If you did not go mobile first when you initially built your website, chances are you will need to create a whole separate one if you want to cater to the mobile audience. Which you do.
So you develop a second, mobile website and it works great on your shiny new smartphone. But now you need to bring your mobile visitors over from the main site, to your new mobile site. Setting up redirection is easy but there are two common pitfalls you need to watch out for.
Stateless redirection. When I click a link to an interesting article, I obviously want to read it. Way too often redirection instead sends me to the homepage of the mobile site and this is both infuriating for the user and incredibly simple to avoid.
Ambivalent detection. Should I be sent to the mobile site when I am using a 10” tablet? How about a 11” laptop? Or an old Nokia 3210? There are lists of mobile user agents but you still need to draw a line yourself.
These two are both known problems, solved by most self-respecting (yet non-responsive) websites of today. However, there is one pet peeve of mine that pretty much everyone still fails at.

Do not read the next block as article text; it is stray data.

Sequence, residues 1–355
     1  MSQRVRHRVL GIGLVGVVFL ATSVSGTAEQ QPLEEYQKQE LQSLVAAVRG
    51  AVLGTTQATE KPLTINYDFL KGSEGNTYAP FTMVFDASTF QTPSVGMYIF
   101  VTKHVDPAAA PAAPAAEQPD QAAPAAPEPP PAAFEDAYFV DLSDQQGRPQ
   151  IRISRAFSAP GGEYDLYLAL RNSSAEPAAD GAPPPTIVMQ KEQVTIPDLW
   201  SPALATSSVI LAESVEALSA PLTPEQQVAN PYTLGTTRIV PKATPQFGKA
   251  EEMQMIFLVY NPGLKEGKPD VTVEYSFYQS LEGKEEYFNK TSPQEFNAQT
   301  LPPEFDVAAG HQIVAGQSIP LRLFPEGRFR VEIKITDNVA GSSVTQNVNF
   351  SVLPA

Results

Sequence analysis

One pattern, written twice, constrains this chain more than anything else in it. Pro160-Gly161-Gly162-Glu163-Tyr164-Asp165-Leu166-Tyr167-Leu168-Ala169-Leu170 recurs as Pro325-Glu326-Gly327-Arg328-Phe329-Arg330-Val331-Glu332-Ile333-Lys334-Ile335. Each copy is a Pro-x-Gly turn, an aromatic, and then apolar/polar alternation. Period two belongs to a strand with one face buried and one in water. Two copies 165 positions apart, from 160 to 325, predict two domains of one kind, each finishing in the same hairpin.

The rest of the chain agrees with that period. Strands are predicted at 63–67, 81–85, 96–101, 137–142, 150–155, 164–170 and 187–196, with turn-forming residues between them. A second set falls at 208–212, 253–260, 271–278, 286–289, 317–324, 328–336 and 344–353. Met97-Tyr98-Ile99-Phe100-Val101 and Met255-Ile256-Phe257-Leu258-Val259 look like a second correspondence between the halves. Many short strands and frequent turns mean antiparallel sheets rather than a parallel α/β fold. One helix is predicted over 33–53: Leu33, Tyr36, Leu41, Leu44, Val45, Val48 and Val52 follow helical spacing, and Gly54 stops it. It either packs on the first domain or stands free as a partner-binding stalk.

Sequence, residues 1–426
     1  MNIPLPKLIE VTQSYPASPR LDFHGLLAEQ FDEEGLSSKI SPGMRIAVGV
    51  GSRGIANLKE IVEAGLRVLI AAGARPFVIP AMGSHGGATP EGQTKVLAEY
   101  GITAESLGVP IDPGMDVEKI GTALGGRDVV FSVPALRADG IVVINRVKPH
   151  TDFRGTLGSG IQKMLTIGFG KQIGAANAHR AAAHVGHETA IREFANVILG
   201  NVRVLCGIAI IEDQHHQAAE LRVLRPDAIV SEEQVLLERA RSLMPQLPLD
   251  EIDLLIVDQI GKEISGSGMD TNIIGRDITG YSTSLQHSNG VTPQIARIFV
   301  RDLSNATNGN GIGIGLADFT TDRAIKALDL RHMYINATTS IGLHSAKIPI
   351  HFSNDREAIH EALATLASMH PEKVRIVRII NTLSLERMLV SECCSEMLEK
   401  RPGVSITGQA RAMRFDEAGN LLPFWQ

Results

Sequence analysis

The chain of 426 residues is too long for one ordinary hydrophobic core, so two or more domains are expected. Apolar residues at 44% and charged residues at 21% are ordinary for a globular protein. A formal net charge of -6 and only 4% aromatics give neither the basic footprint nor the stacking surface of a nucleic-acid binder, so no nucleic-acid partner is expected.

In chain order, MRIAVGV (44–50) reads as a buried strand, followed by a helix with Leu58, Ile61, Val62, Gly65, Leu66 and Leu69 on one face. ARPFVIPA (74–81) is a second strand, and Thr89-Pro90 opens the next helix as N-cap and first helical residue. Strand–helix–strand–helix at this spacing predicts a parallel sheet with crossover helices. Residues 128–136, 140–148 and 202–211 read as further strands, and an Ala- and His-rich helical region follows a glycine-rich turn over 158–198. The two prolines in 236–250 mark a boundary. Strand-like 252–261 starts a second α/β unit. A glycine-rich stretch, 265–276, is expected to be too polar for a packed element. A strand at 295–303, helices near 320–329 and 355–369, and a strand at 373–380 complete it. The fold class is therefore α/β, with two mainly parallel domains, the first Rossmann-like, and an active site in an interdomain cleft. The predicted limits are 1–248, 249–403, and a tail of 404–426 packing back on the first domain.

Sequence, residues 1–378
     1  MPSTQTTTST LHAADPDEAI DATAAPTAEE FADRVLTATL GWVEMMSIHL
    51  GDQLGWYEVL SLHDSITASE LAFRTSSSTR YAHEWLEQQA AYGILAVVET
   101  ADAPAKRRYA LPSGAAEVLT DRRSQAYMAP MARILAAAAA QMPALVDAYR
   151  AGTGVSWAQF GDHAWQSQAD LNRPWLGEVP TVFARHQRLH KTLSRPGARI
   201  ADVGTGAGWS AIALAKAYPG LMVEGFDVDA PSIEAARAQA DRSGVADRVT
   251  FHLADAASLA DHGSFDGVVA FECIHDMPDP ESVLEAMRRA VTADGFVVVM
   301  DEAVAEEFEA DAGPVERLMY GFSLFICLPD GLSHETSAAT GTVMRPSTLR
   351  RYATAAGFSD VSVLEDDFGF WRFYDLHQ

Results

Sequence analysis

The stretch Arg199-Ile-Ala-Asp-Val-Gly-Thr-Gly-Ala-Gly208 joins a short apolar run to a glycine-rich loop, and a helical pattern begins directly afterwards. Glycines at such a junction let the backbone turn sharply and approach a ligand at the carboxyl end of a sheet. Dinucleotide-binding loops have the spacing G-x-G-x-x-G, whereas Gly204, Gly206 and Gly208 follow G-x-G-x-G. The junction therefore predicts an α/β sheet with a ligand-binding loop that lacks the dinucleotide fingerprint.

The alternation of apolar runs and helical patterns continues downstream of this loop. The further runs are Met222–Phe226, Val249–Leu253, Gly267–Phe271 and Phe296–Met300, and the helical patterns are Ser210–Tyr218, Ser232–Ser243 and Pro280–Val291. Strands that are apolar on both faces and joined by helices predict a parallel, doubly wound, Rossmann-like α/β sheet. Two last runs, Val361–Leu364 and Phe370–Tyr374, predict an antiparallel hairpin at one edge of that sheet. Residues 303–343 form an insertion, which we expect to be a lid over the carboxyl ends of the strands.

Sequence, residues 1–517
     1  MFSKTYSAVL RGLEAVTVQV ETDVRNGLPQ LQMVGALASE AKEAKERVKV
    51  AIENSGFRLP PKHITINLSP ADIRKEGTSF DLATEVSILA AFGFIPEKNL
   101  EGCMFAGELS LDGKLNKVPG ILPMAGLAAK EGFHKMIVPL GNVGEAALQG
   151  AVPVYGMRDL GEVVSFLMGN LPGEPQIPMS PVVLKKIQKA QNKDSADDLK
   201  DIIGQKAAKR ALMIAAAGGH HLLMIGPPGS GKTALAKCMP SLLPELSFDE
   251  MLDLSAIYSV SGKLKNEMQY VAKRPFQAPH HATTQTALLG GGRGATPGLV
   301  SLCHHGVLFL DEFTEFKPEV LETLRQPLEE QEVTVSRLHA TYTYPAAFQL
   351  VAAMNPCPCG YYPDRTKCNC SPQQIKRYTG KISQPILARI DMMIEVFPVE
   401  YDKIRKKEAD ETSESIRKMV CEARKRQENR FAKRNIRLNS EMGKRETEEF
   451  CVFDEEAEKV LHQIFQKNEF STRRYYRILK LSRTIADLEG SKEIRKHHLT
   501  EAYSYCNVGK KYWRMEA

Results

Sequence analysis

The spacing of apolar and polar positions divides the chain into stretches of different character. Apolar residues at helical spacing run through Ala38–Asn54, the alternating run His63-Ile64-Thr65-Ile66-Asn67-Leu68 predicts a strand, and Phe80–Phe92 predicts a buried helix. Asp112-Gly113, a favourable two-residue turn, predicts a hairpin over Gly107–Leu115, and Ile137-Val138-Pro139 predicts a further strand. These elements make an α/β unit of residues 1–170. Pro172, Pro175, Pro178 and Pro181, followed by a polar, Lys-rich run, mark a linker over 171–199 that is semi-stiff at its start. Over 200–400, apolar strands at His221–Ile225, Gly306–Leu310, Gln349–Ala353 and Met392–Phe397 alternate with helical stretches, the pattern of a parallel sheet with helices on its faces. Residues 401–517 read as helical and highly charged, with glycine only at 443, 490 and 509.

I click a link in my smartphone and your brilliant redirection mechanism takes me to the mobile site. Great! But I do not have time to read it now, so I save it in my read-it-later-list.
Later on I boot up my laptop, hit up my read-it-later-list and click that link again. This takes me to the mobile site and 99 times out of 100 it looks like shit on my computer. In some cases there is a “take me to the normal site” link and sometimes I can reconstruct the URL to try and find the proper page. But the damage is already done.
What you need is to make your redirection bidirectional. Just as you redirect mobile clients to the mobile site, you need to redirect normal clients to the normal site. Makes a lot of sense, does it not?
All these headaches really shows how efficient responsive design is.